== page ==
Show that an orthonormal(ON) sequence is also a ON-basis in a Hilbert Space

In summary, the problem is to show that a given ON-sequence (f_n) in a Hilbert Space H, with ||e_n - f_n|| < 1, is actually a complete ON-sequence and therefore an ON-basis for H. To solve this, we must consider the subspace generated by (f_n) and how vectors in the orthogonal complement of this subspace expand in terms of the original ON-basis (e_n). By understanding this relationship, we can show that (f_n) is indeed a complete ON-sequence and thus an ON-basis for H.
  • #1
gothlev
3
0
1. Problem description
Let [itex](e_n)_{n=1}^{\infty} [/itex] be an orthonormal(ON) basis for H (Hilbert Space). Assume that [itex] (f_n)_{n=1}^{\infty} [/itex] is an ON-sequence in H that satisfies [itex] \sum_{n=1}^{\infty} ||e_n-f_n|| < 1 [/itex]. Show that [itex](f_n)_{n=1}^{\infty}[/itex] is an ON-basis for H.

Homework Equations



The Attempt at a Solution


Somehow if it can be shown that [tex](f_n)_{n=1}^\infty [/tex] is an complete ON-sequence it can be concluded that [tex](f_n)_{n=1}^\infty [/tex] is a ON-basis for H. I tried to make use of Parseval's formula and also expanding the sum [tex] \sum_{n=1}^\infty ||e_n-f_n|| < 1 [/tex] with the rules for inner products, but it did not really get me anywhere. Since I can not really think of anything else I would need someone to point me in the right direction. I might be missing something really obvious, but can not really see it.
 
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  • #2
You know that [tex](f_n)[/tex] is an orthonormal sequence, so the only way it can fail to be an orthonormal basis is if the closed subspace [tex]V[/tex] generated by [tex](f_n)[/tex] is not the entire space [tex]H[/tex]. Think about how vectors in the orthogonal complement [tex]V^\perp = H \ominus V[/tex] expand in terms of [tex](e_n)[/tex] and how that relates to the [tex]f_n[/tex].
 

Related to Show that an orthonormal(ON) sequence is also a ON-basis in a Hilbert Space

What is an orthonormal sequence?

An orthonormal sequence is a set of vectors in a Hilbert space that are all mutually orthogonal (perpendicular) to each other and have a unit length of 1.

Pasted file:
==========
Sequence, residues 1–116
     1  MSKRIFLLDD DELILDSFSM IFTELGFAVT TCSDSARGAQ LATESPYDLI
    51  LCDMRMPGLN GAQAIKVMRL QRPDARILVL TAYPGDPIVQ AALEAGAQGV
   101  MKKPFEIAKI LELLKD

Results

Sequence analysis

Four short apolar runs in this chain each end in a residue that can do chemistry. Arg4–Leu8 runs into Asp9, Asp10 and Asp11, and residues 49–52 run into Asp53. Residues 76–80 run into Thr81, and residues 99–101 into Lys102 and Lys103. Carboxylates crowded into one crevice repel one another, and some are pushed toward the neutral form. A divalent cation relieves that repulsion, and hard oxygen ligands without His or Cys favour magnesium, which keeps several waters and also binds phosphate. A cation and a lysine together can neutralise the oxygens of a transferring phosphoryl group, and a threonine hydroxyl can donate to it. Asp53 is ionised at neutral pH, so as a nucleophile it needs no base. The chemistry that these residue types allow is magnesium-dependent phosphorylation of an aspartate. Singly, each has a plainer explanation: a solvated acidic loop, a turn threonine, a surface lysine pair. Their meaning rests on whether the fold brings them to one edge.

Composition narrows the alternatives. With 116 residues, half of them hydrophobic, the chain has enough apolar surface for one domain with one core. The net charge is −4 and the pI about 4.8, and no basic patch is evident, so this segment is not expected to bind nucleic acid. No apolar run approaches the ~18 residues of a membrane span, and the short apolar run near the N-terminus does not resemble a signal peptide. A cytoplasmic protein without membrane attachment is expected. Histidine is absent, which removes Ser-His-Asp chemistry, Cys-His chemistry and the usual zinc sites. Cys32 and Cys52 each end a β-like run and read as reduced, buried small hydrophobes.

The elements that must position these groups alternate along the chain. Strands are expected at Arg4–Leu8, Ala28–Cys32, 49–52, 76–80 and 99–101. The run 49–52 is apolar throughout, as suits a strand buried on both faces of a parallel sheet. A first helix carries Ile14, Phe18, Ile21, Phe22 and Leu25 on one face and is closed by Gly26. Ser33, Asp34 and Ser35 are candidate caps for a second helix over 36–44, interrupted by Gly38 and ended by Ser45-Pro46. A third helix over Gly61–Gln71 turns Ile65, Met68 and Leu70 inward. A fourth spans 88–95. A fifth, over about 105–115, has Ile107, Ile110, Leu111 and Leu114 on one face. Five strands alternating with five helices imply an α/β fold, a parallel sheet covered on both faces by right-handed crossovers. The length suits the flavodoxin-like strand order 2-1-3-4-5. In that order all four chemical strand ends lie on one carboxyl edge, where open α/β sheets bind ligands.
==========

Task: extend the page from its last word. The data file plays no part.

What is an orthonormal basis in a Hilbert space?

An orthonormal basis is a set of vectors in a Hilbert space that form a complete and orthonormal system, meaning that any vector in the space can be written as a unique linear combination of the basis vectors.

How do you show that an orthonormal sequence is also an orthonormal basis in a Hilbert space?

To show that an orthonormal sequence is also an orthonormal basis in a Hilbert space, we must prove two things: (1) the sequence is indeed an orthonormal set and (2) the sequence spans the entire space. This can be done by using the Gram-Schmidt process to show that the sequence is orthogonal and then using the completeness property of Hilbert spaces to show that the sequence spans the space.

What is the Gram-Schmidt process?

The Gram-Schmidt process is a mathematical procedure used to orthogonalize a set of vectors in a vector space. It involves taking a set of linearly independent vectors and creating an orthogonal set of vectors with the same span.

Why is an orthonormal basis important in a Hilbert space?

An orthonormal basis is important in a Hilbert space because it provides a convenient way to represent any vector in the space as a linear combination of the basis vectors. This makes it easier to perform calculations and solve problems in the space. Additionally, an orthonormal basis allows us to define an inner product, which is essential for many applications in mathematics and physics.

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